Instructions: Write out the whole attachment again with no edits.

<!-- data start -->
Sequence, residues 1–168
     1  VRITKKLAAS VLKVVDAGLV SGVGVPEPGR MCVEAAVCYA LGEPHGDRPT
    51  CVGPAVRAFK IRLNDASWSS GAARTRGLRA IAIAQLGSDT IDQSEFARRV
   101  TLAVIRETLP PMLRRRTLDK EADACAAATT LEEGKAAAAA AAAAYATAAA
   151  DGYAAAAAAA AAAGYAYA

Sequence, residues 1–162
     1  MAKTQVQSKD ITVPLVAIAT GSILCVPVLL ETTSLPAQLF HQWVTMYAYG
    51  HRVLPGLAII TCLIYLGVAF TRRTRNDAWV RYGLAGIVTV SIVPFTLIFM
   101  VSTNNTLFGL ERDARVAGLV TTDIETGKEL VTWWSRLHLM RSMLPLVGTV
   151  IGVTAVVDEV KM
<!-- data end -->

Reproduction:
Sequence, residues 1–168
     1  VRITKKLAAS VLKVVDAGLV SGVGVPEPGR MCVEAAVCYA LGEPHGDRPT
    51  CVGPAVRAFK IRLNDASWSS GAARTRGLRA IAIAQLGSDT IDQSEFARRV
   101  TLAVIRETLP PMLRRRTLDK EADACAAATT LEEGKAAAAA AAAAYATAAA
   151  DGYAAAAAAA AAAGYAYA

Sequence, residues 1–162
     1  MAKTQVQSKD ITVPLVAIAT GSILCVPVLL ETTSLPAQLF HQWVTMYAYG
    51  HRVLPGLAII TCLIYLGVAF TRRTRNDAWV RYGLAGIVTV SIVPFTLIFM
   101  VSTNNTLFGL ERDARVAGLV TTDIETGKEL VTWWSRLHLM RSMLPLVGTV
   151  IGVTAVVDEV KM